3. HOW YOUR FREE CHOICES INFLUENCE YOUR BRAIN.
>From the time of Isaac Newton to the beginning of the twentieth
century science relegated consciousness to the role of passive
viewer: our thoughts, ideas, and feelings were treated as impotent
bystanders to a march of events controlled wholly by contact
interactions between tiny mechanical elements. Conscious
experiences, insofar as they had any influences at all on what
happens in the world, were believed to be completely determined by
the motions of miniscule entities, and the behaviors of these minute
parts were assumed to be fixed by laws that acted exclusively at the
microscopic level. Hence the idea-like and felt realities that make up
our streams of conscious thoughts were regarded as at most
redundant, and were denied fundamental status in the basic theory of
nature.
The revolutionary move of the founders of quantum mechanics was
to bring conscious human experiences into the basic theory of
physics in a fundamental way. In the words of Niels Bohr the key
innovation was to recognize that "in the drama of existence we
ourselves are both actors and spectators." [Bohr, Essays 1958/1962
on Atomic Physics and Human Knowledge]. After two hundred years
of neglect, our thoughts were suddenly thrust into the limelight. This
was an astonishing reversal of precedent because the enormous
successes of the prior physics were due in large measure to the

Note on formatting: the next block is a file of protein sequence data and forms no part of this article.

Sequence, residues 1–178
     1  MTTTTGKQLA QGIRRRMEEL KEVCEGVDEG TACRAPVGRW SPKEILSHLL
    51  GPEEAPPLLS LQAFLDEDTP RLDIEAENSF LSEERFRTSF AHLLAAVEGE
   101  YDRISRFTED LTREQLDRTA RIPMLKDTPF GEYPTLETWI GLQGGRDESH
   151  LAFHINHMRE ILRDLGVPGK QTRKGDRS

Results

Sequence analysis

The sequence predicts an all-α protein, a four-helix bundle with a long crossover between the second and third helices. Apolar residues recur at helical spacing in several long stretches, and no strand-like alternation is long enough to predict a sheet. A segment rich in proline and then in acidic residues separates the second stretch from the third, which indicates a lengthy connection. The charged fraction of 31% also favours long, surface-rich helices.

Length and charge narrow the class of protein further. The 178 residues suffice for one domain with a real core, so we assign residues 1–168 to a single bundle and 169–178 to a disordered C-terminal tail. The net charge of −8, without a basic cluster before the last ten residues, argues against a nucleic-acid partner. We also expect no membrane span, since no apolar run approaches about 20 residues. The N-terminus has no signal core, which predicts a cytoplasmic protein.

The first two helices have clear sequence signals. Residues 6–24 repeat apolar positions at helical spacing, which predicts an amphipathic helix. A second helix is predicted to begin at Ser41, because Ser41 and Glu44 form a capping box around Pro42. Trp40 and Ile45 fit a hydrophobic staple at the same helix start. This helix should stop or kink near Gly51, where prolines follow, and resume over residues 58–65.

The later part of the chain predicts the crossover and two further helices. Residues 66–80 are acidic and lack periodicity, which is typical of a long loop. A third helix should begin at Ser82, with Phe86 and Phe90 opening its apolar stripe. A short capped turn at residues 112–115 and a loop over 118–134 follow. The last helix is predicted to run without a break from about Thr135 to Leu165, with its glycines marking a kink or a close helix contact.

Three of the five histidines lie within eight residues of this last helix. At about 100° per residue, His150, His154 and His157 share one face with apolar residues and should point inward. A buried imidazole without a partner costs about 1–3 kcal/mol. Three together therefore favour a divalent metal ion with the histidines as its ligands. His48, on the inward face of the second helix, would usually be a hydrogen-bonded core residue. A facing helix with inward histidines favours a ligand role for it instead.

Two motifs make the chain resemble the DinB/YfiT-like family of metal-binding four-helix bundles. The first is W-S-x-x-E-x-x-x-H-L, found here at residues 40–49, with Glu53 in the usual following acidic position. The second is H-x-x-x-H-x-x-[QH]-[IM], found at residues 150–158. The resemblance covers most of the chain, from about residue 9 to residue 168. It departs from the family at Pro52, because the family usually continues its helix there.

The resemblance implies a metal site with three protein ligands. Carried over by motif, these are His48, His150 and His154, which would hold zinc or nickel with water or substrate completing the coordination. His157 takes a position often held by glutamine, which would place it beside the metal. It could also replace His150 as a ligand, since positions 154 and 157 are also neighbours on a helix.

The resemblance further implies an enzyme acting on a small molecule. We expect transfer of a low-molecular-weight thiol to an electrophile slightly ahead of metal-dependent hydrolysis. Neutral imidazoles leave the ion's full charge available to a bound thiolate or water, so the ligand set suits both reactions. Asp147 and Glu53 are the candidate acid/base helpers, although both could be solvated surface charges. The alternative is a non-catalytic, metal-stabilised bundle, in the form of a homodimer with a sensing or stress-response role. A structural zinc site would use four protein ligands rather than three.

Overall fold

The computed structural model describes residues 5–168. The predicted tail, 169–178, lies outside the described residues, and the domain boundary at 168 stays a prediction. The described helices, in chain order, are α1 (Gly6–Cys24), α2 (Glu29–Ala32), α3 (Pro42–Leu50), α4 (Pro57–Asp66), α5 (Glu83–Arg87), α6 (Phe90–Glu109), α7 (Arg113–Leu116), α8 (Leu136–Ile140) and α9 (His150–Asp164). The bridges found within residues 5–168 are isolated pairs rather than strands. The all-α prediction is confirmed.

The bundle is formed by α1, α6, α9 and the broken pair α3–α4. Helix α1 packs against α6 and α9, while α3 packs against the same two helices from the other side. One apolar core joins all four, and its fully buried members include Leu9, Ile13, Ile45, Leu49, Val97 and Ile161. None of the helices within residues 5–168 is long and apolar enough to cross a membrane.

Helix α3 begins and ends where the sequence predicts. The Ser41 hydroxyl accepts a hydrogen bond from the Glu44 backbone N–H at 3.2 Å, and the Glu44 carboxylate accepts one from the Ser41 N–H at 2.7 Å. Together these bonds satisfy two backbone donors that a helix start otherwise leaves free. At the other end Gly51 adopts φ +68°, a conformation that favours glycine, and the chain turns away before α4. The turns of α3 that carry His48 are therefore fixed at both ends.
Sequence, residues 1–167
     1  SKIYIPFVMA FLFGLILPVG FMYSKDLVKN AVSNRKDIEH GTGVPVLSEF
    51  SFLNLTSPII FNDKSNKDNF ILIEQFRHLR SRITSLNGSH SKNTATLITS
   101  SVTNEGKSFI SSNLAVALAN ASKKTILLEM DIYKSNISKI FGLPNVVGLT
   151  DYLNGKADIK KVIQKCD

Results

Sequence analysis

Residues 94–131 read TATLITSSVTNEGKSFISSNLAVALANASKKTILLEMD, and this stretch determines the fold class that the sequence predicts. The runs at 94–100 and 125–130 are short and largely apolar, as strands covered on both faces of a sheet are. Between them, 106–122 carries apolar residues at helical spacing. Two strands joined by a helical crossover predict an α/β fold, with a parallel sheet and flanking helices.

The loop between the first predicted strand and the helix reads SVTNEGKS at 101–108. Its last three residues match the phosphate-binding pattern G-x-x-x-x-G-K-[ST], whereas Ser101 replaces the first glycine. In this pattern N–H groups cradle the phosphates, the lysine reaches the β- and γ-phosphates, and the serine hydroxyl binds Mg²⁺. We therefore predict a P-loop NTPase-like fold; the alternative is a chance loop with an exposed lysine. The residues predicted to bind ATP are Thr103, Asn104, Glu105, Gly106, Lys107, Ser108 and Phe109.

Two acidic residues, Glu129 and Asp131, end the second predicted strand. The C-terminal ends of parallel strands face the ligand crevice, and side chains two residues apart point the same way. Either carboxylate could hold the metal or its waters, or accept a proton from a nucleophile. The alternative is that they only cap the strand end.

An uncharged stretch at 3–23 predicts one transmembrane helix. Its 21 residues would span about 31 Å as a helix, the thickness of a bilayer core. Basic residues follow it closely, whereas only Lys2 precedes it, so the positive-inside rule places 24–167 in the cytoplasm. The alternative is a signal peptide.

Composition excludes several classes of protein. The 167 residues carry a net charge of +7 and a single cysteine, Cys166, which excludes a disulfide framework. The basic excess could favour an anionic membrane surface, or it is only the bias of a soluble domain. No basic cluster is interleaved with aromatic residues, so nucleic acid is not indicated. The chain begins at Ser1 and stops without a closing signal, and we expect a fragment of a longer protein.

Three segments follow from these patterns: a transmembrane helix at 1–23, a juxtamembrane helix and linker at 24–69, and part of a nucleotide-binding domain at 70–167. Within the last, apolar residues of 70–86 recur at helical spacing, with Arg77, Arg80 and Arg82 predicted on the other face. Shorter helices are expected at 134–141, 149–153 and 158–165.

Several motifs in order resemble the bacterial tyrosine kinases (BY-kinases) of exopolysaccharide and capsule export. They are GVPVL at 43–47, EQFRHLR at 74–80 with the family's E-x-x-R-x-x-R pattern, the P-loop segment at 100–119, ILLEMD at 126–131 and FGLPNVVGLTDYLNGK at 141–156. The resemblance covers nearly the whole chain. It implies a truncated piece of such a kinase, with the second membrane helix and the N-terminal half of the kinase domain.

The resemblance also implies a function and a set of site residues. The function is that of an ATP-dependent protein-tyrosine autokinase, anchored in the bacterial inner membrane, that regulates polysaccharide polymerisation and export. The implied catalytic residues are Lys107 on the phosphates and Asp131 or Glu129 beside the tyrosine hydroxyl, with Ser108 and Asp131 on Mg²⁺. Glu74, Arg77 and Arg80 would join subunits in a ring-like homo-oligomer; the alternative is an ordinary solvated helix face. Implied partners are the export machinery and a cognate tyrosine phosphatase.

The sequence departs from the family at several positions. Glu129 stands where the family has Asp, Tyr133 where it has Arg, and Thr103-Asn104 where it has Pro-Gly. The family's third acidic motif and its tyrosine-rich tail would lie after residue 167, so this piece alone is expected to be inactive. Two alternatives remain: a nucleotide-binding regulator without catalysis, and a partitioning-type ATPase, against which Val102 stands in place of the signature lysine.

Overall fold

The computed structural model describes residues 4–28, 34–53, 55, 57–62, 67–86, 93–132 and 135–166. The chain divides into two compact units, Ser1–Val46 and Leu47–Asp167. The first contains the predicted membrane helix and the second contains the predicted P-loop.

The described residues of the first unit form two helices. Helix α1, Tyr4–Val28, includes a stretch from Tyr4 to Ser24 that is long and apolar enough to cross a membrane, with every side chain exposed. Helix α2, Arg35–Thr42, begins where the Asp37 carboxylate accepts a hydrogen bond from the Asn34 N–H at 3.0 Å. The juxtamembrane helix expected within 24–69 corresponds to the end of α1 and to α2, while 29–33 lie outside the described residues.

policy of keeping idea-like qualities out.
What sort of crises could have forced scientists to this wholesale
revision of their idea of the role of mind in their description of Nature?
The answer is the discovery and integration into physics of the
"quantum of action.'' This property of matter was discovered and
measured in 1900 by Max Planck, and its measured value is called
"Planck's Constant." It is one of three absolute numbers that are built
into the fundamental fabric of the physical universe. The other two
are the gravitational constant, which fixes the strength of the force
that pulls every bit of matter in the universe toward every other bit,
and the speed of light, which controls the response of every particle
to this force, and to every other force. The integration into physics of
each of these three basic quantities generated a monumental shift in
our conception of nature.
Isaac Newton discovered the gravitational constant, which linked our
understanding of celestial and terrestrial dynamics. It connected the
motions of the planets and their moons to the trajectories of cannon
balls here on earth, and to the rising and falling of the tides. Insofar
as his laws are complete the entire physical universe is governed by
mathematical equations that link every bit of matter to every other bit,
and that moreover fix the complete course of history for all times from
conditions prevailing in the primordial past.
Einstein recognized that the "speed of light" is not just the rate of
propagation of some special kind of wave-like disturbance, namely
"light". It is rather a fundamental number that enters into the
equations of motion of every kind of material substance, and that,
among other things, prevents any piece of matter from traveling faster